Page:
Yesterday I talked about one big change with ems (future whole brain emulation robots) – they’d mostly be workaholics. Another other big change with ems, I think, is their concept of and attitude toward “death.” Ems would often agree to make copies of themselves, copies which they expected would only last for a limited time, such as one year. But they’d mostly be fine with this. Let me explain.
Imagine that you have lost all memories of some period of your life, say a period one year long. You still have pictures, letters, a diary, some video, memories in others you can talk to, etc. But while it all sounds like the sort of thing you might have done, you don’t additionally recall doing any of it. How much would this memory loss degrade the value of your overall life? I’d say it would be far worse to have not lived that year at all, say being put in suspended animation, than to merely have lost the memory of that year.
Now imagine that, because you had access to a time machine, this lost year happened at the same time as one of your other years. During 2006, for example, you were off experiencing 2005 all over again, but in another place, and then you forgot it all, expect for the pictures, etc. For me, this would not much degrade the overall value of my life. It would again be a bit sad not to remember that year, but its not a big deal when it happened.
Now imagine that you could use this time machine to both experience 2005 twice, forgetting one of the parts, and also to experience 2006 as usual. Here you’d be adding one more year onto your life, which I’d consider great. If the cost of having one more year of life were that you don’t fully remember that year, to me that would be a small price to pay.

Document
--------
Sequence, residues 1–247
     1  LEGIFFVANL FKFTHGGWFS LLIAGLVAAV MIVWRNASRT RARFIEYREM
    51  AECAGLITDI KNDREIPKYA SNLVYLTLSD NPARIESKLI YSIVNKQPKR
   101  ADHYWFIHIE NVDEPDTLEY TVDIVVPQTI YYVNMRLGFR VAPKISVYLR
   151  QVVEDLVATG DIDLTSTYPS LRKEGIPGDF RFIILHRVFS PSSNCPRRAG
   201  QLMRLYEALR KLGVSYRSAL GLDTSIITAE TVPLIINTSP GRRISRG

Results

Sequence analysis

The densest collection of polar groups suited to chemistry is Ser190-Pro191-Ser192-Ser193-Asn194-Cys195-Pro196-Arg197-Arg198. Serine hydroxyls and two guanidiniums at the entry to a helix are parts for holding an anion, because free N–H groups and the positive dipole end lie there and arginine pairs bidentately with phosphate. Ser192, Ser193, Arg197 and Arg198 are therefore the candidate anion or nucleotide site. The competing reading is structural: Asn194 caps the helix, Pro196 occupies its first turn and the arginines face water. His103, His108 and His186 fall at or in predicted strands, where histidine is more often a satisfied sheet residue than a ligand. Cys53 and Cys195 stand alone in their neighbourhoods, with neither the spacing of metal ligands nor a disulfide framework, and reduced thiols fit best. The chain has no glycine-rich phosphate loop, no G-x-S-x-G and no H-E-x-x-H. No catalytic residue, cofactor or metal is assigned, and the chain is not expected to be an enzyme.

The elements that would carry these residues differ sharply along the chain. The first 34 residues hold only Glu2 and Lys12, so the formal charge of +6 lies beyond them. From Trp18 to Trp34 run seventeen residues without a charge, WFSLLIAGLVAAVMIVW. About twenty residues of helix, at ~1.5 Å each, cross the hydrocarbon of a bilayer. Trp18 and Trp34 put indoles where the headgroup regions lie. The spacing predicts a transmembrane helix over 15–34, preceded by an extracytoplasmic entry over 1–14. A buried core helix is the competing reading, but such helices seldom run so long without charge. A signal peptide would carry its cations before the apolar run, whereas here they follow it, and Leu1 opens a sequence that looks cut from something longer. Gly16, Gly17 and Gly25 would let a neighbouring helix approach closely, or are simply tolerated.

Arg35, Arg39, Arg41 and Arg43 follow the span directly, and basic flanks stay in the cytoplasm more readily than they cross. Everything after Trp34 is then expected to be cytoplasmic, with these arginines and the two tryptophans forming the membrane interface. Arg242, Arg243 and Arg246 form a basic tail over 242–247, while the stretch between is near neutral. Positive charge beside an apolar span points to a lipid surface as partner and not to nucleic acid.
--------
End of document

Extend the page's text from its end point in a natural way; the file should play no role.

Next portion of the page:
For an em who shared my attitudes here, the option to spawn a new copy who only lasted a year would be much like the option to live another year longer, but without remembering it. Mostly a good deal, at least if you liked your life during that time. Yes the copy might be sad when his year came to an end, knowing his detailed memories of that year would not last. But he’d usually expect that “he” would continue to exist through other copies. He wouldn’t consider this harm to be remotely as large as what we call “death” — the end of anyone who remembers our life in some detail.
Ems would start as scans of humans, but not of random humans – the humans would be chose for their productivity and their acceptance of the em patterns of life, and “death.” As a result, ems would mostly be fantastically-capable workaholics who were not greatly bothered by “death” given the existence of other close copies. Since they seem to me quite “human” with lives well worth living, I consider the em revolution to be far more glorious than horrifying.